In those early days of rehabilitation when Oliver and I would successfully pass by other dogs I felt an almost overwhelming desire to say "Good boy!". I'm sure I was beaming with pride after those first successes... and equally confused and devastated when it wasn't consistent and the next dog we saw seemed to trigger an even bigger reaction from him.
What's crystal clear to me now is that Oliver wasn't being a bad dog when he was reactive and he wasn't being a good dog when he wasn't. He was simply responding out of fear when he saw other dogs and because he didn't believe that I was in control, showed his fear through barking, lunging, and going a little berserk. The trigger might just as easily have been cars or motorcycles or bags blowing in the wind. It really didn't matter what was making him uncomfortable -- but for him it was dogs as it is for a lot of dogs -- what mattered was how much trust he had in me to be able to take care of it.
Also clear to me now is the impact of "Good dog" in those stressful situations. It's a flood of soft energy towards your dog when what he needs at that moment is to see you in all your strength and confidence. From his perspective, he just completely trusted you to take care of that big scary thing (another dog, a stranger, a paper bag blowing in the wind, you name it!) and if you go all soft and easy he's going to quickly lose confidence... and immediately start showing the bravado that you for some reason stopped!
Here's a stab at an analogy... You're in a bus on the way home from a ski trip down a steep, winding, mountain road in the middle of a winter storm. Half way down the mountain the driver pulls over to let the passengers stretch their legs and you hear him say into his cell phone, "Wow, I'm so glad we're half way down, this is my first time driving the bus in this kind of storm." What's your confidence level in this driver now? How comfortable are you trusting in him? A whole lot less than if he'd exuded confidence and spoke about his experience dealing with just this kind of storm. Right? That's exactly how your dog feels when you show him soft energy -- saying "good dog" is inherently soft by the way ;-) -- right after he just trusted you to be in control. He needs to continue to see you as his pillar of strength all the way home.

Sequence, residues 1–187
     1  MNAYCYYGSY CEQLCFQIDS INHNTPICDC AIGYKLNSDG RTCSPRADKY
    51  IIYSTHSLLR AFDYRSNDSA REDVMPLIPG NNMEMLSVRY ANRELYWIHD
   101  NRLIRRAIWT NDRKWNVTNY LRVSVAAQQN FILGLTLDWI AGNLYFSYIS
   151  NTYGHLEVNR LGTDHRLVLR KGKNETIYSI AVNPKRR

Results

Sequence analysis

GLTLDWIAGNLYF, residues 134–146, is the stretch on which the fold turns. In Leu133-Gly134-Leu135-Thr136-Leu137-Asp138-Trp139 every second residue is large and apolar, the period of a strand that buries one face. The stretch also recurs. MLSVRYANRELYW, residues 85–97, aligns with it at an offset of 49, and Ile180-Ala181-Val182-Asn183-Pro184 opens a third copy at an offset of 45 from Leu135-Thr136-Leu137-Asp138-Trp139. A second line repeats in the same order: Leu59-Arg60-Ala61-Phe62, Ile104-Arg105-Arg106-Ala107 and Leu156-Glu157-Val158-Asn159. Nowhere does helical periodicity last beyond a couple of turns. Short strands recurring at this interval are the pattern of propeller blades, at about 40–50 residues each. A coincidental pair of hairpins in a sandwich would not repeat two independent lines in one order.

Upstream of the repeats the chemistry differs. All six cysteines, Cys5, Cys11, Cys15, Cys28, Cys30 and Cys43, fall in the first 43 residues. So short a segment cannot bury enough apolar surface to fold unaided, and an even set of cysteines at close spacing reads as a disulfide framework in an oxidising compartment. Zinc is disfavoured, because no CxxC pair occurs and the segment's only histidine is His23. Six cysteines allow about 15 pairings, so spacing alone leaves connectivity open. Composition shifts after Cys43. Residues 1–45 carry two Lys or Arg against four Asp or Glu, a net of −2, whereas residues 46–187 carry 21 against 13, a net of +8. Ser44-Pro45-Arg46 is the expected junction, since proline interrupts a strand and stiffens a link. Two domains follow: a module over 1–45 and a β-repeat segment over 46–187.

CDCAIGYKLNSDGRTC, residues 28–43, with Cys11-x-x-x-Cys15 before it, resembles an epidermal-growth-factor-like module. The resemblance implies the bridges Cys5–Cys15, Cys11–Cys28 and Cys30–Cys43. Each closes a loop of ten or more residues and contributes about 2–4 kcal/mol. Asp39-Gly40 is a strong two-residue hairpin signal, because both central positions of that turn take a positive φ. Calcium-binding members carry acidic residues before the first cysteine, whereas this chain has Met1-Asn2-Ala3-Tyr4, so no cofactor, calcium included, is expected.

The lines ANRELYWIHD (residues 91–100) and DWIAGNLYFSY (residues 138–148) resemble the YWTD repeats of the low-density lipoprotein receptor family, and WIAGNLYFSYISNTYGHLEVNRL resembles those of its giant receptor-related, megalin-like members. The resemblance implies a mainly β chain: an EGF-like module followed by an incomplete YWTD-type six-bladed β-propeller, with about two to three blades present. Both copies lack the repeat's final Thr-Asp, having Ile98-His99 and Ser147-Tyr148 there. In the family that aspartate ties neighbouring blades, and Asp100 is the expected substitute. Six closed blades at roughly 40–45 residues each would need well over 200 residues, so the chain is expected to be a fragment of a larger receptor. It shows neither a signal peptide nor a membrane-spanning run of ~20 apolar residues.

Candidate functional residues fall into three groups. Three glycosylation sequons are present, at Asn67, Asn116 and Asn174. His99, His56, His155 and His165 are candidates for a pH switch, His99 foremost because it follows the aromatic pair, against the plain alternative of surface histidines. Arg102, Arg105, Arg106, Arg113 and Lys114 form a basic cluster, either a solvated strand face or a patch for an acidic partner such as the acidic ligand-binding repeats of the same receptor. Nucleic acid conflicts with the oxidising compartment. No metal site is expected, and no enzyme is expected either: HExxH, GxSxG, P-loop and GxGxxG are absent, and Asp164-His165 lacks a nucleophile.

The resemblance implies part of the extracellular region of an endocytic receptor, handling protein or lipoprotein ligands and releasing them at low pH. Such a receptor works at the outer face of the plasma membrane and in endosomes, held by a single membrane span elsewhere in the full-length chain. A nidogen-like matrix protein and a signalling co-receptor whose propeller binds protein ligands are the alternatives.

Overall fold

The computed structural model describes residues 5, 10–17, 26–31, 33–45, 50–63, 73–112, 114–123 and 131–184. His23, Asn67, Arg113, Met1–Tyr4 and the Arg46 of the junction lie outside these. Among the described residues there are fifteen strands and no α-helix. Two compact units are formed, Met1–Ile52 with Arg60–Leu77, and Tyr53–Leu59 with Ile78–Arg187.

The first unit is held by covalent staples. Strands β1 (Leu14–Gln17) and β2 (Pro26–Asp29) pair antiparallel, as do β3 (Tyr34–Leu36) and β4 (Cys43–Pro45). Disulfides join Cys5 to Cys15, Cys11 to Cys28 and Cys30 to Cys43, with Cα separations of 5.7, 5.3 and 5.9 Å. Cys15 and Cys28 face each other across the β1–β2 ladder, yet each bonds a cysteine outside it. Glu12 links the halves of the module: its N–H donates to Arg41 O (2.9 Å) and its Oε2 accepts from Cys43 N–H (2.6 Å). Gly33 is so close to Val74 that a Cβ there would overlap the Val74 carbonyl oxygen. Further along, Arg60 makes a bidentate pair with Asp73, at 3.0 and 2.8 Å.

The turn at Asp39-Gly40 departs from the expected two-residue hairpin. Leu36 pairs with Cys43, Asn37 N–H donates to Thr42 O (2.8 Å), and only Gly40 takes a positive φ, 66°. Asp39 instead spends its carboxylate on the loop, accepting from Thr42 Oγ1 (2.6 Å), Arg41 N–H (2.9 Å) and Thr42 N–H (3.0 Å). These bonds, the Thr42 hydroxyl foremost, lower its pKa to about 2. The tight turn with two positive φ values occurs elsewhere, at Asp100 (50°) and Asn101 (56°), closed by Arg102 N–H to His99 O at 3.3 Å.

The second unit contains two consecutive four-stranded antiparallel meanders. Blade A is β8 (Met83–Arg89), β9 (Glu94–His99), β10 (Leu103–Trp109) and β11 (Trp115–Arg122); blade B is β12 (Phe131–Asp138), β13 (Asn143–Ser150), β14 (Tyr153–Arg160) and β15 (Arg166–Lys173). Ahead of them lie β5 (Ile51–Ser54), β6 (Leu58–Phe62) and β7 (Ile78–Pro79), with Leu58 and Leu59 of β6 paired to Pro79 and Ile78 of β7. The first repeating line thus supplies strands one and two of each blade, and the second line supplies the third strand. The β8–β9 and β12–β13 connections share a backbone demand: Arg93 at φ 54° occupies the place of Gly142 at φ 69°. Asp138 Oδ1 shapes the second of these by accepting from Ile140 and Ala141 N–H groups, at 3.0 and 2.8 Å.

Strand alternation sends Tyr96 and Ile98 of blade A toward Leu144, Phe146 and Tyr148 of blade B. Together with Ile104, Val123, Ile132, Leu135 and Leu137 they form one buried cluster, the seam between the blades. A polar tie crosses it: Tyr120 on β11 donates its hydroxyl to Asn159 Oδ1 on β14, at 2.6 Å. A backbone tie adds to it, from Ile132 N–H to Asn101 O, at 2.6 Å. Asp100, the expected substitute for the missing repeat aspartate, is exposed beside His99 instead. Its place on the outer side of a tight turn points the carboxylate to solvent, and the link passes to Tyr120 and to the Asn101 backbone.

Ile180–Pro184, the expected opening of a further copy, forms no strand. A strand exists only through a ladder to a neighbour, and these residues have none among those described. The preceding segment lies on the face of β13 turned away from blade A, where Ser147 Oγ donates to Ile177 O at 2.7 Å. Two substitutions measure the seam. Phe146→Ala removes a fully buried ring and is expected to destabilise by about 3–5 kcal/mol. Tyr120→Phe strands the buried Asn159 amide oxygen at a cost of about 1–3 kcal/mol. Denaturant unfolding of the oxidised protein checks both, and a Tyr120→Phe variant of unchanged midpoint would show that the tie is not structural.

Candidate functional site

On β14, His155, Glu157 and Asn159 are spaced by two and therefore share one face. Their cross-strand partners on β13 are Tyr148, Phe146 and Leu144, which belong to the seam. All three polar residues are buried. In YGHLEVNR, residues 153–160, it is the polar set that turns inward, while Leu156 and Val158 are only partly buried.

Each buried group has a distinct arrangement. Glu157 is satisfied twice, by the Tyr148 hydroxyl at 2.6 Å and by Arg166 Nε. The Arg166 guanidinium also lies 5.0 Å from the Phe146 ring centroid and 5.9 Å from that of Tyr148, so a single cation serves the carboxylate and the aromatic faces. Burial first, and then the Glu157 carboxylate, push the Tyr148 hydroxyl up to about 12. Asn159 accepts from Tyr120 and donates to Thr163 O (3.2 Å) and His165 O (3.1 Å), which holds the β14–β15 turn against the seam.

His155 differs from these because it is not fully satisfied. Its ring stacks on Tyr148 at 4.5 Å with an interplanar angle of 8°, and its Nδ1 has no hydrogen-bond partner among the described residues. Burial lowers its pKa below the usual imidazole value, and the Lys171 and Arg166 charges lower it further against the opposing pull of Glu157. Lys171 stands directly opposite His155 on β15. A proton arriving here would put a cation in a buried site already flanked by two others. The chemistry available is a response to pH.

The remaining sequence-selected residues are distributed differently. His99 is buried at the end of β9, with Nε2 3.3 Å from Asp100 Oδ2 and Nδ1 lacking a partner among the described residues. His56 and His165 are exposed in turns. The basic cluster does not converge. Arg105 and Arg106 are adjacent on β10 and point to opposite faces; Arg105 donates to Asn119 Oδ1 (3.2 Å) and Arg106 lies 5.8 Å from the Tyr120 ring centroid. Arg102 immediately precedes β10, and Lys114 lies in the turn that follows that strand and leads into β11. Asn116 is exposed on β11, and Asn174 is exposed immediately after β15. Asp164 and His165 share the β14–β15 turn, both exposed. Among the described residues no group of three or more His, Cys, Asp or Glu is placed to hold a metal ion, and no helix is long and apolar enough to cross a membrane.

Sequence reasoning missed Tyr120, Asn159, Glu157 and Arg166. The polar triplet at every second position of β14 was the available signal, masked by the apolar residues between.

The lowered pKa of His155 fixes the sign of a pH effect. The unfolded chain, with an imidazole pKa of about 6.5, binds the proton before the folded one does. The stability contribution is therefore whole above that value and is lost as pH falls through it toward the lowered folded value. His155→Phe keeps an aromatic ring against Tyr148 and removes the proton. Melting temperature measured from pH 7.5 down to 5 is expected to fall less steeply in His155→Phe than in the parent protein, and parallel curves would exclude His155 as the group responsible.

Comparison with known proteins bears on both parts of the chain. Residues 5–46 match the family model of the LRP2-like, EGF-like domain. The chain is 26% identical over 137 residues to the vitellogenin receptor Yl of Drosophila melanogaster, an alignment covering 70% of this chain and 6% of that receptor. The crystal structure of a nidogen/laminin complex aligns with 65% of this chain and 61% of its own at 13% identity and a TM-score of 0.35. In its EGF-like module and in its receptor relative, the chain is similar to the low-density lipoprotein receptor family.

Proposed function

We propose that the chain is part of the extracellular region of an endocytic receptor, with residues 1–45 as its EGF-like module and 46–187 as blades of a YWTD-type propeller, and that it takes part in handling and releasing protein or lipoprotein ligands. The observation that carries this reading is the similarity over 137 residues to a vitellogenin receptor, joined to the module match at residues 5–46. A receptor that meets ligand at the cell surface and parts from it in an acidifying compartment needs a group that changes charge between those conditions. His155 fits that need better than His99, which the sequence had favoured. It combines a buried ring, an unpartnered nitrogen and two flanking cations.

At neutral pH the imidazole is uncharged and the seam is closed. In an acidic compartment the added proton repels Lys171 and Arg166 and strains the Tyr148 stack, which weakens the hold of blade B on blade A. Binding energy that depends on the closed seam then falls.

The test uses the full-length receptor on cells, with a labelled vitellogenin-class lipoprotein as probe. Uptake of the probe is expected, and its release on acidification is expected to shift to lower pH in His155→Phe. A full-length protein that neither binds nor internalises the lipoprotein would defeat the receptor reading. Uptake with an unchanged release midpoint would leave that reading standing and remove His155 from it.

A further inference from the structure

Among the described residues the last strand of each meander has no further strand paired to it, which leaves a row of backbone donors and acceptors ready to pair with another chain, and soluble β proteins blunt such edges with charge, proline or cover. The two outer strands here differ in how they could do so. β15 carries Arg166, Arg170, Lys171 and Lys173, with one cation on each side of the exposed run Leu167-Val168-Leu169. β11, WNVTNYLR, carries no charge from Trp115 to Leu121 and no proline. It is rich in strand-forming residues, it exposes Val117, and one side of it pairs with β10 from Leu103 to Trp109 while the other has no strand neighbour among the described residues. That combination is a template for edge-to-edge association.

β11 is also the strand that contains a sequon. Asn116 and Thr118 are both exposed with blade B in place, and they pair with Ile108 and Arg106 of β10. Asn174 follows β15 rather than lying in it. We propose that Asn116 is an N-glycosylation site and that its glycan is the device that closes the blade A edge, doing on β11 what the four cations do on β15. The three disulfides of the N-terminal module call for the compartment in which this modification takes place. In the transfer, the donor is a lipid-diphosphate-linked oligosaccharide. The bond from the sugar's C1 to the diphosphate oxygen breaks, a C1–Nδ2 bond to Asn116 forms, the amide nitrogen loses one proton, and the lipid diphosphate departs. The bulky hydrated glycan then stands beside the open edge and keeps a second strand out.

Critical But Not Sufficient If he's reacting to stimuli -- out of fear or excitement -- he needs to believe that you've got it under control. And while it's critical that you keep your cool in the moment and exude confidence, it's probably not sufficient. Your dog probably needs to have practiced trusting in your leadership in much lower stress situations: at home holding his Place command while your kids are playing in the next room. No longer barking at the doorbell after you've said, "That's enough, quiet." Waiting for food and going politely through thresholds (in and out of the house, his crate, the car) instead of pushing or rushing you. All of these moments of listening to you and deferring to you inside your house where he's already calmer and more relaxed helps make it much easier for him to listen to you outside the house where he's automatically more excited, more nervous, and much closer to his reactivity threshold when you encounter a trigger that might set him off.
So next time you're out and about and he does stay calm in the face of danger, help him maintain it by continuing to act like nothing out of the ordinary is happening. After all, passing another dog on the street shouldn't be a cause for fear (from him) nor celebration (from you). Save your "Good dog" till you're in the front door and you're giving him that big dose of love that you just couldn't wait to share!